Next, it was time for a library tour. Finally, students were invited to explore the library and sign out a book with their library cards and take them home to enjoy.
Thank you to all of our parent volunteers: Mrs. Franze, Mrs. Paterson, Mrs. deRond, Mrs. Cifelli, and Mrs. Pinto. We appreciated your time and energy today and it made our trip extra special to have you there.
Here are the completed student projects. Fantastic job, everyone!
We were so fortunate to have another Mystery Reader visit our classroom last Friday. It turns out many students guessed correctly…it was Jacob F’s mom!
Mrs. F read to us a book called If You Hold a Seed by Elly MacKay. This author not only wrote the story but created the illustrations as well. Did you know Elly is from Owen Sound, Ontario? Pretty cool, right?
This book tells the story of a boy who plants a seed and must wait patiently through the seasons as the seed develops into a plant. While there are not many words on each page, the illustrations are so beautifully done and are worth spending extra time looking closely at the detail. This book not only teaches us lessons of patience but also that we can often find the magic in the smallest of things.
Thank you, Mrs. F!
Check out the author’s short youtube video about how she makes the illustrations and her ideas behind the book.
Click here if you want to check out her work on etsy.
We have officially launched into our book clubs now and the students have been working hard to share insights, questions, inferences, connections, and more when discussing their book. Most groups have 3-4 students in them and there is quite a bit of choice when it comes to picking their just-right book. Students collaborate to choose how many pages to read before the next meeting–usually there’s 3 days in between meetings.
What’s a Book Club? Here are some of the basics:
Readers gather to read the SAME book, accessible to all readers so groups are as ability‐based as possible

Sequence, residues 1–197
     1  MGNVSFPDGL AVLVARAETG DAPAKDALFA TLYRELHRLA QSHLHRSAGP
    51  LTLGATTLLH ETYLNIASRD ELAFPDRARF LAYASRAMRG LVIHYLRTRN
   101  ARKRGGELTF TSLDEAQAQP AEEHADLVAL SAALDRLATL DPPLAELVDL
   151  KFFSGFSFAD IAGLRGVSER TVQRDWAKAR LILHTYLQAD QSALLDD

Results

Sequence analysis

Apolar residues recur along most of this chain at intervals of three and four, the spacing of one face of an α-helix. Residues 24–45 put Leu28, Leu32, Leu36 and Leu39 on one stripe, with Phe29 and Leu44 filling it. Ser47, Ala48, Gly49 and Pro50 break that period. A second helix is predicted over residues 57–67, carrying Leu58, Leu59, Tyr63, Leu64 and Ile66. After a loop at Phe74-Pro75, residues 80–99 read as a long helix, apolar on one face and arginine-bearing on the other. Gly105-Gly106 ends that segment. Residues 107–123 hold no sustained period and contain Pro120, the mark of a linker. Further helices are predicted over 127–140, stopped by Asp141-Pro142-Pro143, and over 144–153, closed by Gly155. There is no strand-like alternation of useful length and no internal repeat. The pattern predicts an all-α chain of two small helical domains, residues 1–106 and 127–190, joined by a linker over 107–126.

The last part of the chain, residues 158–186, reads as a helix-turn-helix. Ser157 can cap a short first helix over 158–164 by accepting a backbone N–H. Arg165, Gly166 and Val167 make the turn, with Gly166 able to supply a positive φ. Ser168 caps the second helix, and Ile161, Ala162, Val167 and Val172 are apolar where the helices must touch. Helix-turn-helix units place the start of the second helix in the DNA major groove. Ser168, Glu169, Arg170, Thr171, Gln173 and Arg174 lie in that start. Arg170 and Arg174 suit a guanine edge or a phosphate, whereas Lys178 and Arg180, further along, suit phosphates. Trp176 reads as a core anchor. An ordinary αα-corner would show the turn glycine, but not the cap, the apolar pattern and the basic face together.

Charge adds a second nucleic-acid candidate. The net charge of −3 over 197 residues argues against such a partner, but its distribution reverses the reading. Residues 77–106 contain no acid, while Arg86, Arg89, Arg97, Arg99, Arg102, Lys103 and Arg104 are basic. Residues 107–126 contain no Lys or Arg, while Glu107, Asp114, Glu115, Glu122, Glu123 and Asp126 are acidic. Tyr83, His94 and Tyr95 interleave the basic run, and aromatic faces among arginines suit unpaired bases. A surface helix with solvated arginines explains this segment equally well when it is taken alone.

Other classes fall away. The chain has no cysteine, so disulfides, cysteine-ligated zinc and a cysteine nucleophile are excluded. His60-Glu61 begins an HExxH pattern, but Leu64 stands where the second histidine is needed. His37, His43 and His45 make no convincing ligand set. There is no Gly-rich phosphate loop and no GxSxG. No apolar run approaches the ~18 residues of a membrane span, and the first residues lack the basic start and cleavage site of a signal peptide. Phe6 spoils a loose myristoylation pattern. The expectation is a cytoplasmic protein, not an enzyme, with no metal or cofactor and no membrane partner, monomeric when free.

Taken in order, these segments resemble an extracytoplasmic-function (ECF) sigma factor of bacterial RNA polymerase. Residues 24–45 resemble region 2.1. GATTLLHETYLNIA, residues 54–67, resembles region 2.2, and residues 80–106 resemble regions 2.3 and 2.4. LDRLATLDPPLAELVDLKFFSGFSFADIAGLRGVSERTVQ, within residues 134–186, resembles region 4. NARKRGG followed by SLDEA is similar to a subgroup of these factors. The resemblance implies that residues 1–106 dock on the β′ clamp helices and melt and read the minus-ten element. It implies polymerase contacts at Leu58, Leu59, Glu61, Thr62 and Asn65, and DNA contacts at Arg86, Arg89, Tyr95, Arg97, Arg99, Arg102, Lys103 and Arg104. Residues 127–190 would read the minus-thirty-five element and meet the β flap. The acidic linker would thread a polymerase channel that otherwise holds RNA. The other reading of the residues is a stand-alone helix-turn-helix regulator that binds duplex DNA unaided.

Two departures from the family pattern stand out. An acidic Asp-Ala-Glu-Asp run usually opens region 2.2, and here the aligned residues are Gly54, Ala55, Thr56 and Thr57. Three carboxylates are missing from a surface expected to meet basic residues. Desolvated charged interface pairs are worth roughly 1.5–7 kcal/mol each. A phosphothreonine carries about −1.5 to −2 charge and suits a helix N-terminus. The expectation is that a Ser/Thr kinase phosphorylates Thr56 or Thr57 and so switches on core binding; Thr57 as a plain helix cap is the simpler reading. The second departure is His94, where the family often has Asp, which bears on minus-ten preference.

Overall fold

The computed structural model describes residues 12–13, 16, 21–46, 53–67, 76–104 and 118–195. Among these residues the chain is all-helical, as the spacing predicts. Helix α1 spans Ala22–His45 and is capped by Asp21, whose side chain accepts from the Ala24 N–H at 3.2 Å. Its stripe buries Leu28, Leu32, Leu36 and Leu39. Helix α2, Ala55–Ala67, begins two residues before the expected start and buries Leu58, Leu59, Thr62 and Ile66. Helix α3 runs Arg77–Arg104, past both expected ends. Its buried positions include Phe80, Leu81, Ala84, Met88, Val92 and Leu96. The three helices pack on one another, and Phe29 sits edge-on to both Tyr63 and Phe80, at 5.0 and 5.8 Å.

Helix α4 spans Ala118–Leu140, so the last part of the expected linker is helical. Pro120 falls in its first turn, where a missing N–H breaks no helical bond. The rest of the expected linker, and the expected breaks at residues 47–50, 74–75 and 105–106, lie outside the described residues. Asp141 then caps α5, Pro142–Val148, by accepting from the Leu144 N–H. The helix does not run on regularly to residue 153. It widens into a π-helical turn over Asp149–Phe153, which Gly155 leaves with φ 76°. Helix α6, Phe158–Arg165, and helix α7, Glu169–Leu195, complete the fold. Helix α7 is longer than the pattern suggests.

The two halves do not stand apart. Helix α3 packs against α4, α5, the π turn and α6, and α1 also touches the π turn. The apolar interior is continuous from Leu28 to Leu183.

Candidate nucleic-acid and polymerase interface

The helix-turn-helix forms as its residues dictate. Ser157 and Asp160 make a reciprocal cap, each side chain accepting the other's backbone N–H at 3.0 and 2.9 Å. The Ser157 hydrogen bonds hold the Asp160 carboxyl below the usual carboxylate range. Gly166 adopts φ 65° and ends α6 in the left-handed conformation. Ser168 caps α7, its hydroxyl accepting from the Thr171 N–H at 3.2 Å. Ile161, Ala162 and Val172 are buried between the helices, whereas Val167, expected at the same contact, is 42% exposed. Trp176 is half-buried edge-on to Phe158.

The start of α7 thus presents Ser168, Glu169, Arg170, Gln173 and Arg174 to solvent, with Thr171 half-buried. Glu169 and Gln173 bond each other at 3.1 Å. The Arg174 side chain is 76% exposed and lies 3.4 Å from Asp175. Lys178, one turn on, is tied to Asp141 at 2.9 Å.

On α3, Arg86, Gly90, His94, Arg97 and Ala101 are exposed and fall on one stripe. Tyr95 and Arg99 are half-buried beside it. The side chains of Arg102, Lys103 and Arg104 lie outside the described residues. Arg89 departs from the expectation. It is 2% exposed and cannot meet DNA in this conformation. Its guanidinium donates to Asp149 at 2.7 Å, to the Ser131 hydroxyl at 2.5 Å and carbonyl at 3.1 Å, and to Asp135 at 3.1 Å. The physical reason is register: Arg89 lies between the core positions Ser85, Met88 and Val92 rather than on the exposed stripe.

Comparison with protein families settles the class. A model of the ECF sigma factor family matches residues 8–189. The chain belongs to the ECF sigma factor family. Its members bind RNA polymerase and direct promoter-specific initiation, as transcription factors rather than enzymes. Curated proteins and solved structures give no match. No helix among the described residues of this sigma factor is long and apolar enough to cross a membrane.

Readers read the book independently and gather to talk and grow ideas together across the book
Book club meetings are scheduled and routine. Ours are 2 times/week
Students learn from each other and the teacher
There are mini-lessons given by the teacher several times per week which are to be applied within the book-club structure
Meetings–What are book club meetings for?
Comprehension help: when you talk about what’s going on in the story, you can gain a deeper understanding and clarify any misunderstandings
Pushing your thinking: when you explain your interpretations and inferences to others, as well as hear other people’s explanations, you begin to think more deeply about the big ideas in the story, and you get better at using evidence from the text to support your thinking
Lively discussion: book clubs are meant to be enjoyable; it can be entertaining to have a friendly disagreement about what you think the author is trying to say, or about why a character acts the way he or she does.
A Quality Book Club…
Allows for diversity of ideas—debate is encouraged!
Teaches empathy and seeing things from other people’s perspectives
Helps students read outside of their ‘comfort zone’
Has members that come prepared with questions and ideas
Supports development of listening and speaking skills
The Case of the Stolen Pillows has been solved! As an update from our previous post (click here), students thought it would be a good idea to interview one of our prime suspects–Mrs. Chapman.
We called her in to be interviewed and students were poised, ready to ask their questions. Mrs. Chapman answered their questions and students jotted notes.
Students asked questions about what colour lipstick does she wear? What kind of coffee does she drink? What size does she buy? Does she like volleyball? A couple of students thought it would be a good idea to ask to see the bottom of her shoes. No match. However, a push to see her outdoor shoes did lead to a match! The tred and size on the bottom or her outdoor winter boots matched the muddy shoeprint left behind.
Mrs. Chapman finally confessed and told us she really liked our pillows and wanted to use them in her own office. She should have just asked, right? 🙂
Today after lunch, students came into class to a crime scene…someone has stolen our 2 class pillows! Clipboards in hand, students looked carefully at the clues left behind, jotting notes, questions, and observations. After a good long look at the evidence, we discussed each clue, talked about the facts and then made judgements based on the facts.
Finally, we made a list of our suspects. Tomorrow we will get the chance to do some further investigating by interviewing our prime suspects. Stay tuned!
What do we see? wonder?
a muddy footprint, a volleyball, an owl pen, a coffee cup with pink lipstick